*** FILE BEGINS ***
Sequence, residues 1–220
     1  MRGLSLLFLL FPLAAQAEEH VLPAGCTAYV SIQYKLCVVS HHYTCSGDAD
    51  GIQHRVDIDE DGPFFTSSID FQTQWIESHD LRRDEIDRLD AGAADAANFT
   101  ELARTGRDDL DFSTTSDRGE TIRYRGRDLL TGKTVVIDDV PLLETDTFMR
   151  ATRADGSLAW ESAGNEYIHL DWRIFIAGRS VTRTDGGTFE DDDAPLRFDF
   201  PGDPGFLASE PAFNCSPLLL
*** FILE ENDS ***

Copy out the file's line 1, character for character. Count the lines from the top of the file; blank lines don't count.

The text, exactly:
Sequence, residues 1–220